I t was a heartbreaking sight. Thousands of people, holding candles, gathered for a vigil in Parkland, Florida, to pay their last respects to 17 students murdered at Stoneman Douglas High School. Among them were five Jewish souls — one teacher and four students. Clerics and rabbanim came to the vigil.

Rabbi Mendy Gutnick of Chabad Parkland was there. He told me in a telephone interview that Parkland, not far from Boca Raton, has a large and active Jewish community.

“People are having a really difficult time,” Rabbi Gutnick said. “There is a sense that ‘it’s impossible that this thing happened to us.’ It’s a trauma for the entire school. There is no one who was not affected.”

I asked the rabbi what the Jewish community thinks about gun control legislation. “I was the opening speaker at the vigil,” he said. “We really didn’t want it to become political. We said that this is for the victims, but all of a sudden it started to get political.”

Rabbi Gutnick was referring to Broward County Sheriff Scott Israel and others at the vigil who vowed to work toward tighter gun control laws. “The truth of the matter is that it is agreed pretty much among everybody in the city, including ourselves, that there is no benefit for anyone having assault weapons that can cause this kind of carnage. But we will leave [that issue] for the professional advocates.”

Parkland resident Limor Golan described to Mishpacha how her daughter, a tenth-grader at Stoneman Douglas, phoned her in terror during the shooting on February 14. “She said, ‘They’re shooting at us! There’s shooting and I’m running away!’ ” Golan said her daughter ran home, then started to text her friends, who were hiding under desks. “She was very distraught and traumatized,” Golan said.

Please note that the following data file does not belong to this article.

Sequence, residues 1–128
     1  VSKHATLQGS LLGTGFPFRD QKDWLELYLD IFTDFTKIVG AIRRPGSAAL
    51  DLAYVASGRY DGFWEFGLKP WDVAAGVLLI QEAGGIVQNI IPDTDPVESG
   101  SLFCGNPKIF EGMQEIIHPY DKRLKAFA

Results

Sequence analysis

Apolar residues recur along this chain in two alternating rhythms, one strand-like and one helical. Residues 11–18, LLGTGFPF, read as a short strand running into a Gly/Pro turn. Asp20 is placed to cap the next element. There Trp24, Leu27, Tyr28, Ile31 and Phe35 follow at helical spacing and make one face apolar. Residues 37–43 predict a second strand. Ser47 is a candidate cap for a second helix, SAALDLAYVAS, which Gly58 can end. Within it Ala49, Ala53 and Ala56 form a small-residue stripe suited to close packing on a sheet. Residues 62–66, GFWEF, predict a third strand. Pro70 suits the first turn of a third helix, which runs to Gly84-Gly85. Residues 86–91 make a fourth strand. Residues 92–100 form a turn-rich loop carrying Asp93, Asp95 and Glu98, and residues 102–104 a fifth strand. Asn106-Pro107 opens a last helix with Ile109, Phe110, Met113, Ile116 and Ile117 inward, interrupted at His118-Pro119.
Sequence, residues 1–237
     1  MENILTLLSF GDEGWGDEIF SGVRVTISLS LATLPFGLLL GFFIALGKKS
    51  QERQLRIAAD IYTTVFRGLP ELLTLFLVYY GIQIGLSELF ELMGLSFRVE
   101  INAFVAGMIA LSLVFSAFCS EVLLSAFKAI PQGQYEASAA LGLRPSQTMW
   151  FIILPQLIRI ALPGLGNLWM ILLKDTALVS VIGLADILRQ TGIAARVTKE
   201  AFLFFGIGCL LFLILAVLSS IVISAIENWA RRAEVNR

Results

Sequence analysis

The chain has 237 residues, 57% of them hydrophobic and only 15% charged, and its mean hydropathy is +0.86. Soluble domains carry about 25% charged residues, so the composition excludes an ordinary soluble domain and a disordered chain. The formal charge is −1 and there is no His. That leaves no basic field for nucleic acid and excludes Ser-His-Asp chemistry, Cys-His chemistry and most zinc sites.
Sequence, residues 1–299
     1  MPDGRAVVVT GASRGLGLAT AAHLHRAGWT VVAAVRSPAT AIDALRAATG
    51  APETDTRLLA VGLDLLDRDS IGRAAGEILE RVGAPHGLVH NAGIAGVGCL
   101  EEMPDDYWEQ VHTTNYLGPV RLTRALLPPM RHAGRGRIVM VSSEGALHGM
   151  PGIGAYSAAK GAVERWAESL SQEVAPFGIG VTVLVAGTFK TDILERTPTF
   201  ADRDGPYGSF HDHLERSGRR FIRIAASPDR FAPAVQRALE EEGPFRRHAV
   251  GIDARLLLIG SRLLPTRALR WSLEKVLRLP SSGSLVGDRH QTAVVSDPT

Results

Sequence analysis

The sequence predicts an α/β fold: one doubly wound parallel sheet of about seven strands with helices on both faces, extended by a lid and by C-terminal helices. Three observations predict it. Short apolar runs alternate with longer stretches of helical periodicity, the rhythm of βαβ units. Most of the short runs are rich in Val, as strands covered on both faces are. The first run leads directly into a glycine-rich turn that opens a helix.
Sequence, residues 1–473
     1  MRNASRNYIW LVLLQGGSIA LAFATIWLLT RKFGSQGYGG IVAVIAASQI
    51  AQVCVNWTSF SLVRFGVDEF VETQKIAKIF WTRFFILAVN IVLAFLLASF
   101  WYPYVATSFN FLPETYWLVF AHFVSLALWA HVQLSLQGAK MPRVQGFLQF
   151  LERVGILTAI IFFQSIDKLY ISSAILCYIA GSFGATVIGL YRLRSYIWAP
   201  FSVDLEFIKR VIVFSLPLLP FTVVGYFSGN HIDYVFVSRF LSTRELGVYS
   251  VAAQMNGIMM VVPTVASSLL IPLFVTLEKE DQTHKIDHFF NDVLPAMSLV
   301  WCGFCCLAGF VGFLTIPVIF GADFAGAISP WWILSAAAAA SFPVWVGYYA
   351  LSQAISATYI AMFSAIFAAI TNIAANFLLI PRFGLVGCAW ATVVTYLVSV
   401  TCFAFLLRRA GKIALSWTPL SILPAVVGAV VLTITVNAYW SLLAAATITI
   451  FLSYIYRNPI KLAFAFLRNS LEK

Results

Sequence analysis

Golan added that her daughter knew the shooter and had always said that he was “weird.” When the names of the three victims were released, her daughter had a panic attack. “She said that now she understands the kids in Israel who have to run to bomb shelters. We’re all in shock. No one believed such a thing could happen in Parkland.”

The Parkland tragedy turned the national spotlight once again on gun control. Since the Columbine High School massacre in 1999, there have been shootings at 170 primary or secondary schools, according to an ongoing Washington Post analysis. According to the Gun Violence Archive, there have been 6,728 shooting incidents across the country since the beginning of the year, in which some 1,800 people have been killed and another 3,200 injured. This figure includes all gun-related deaths, including accidental shootings, murders, and suicides.

So far in 2018, 30 people have been killed in mass shootings, defined as incidents with at least four victims. Data from previous years indicates that the picture is not encouraging: In 2017, mass shootings claimed the lives of 437 people, and in 2016, 432 people.

The last five months alone have seen three of the eight most serious mass shootings in US history: the October 2017 massacre at the Mandalay Bay Hotel in Las Vegas, which claimed the lives of 59 people; the shooting in November at the Sutherland Springs church in Texas, where 25 people were murdered; and now the shooting spree at Stoneman Douglas.

But as the number of dead increases, the debate over gun control only grows sharper. Americans are almost equally divided on the issue, and neither side seems capable of hearing the other. Meanwhile, in Congress, a bill introduced after the Las Vegas massacre remains stalled. Until the next tragedy reopens the debate. (Excerpted from Mishpacha, Issue 699)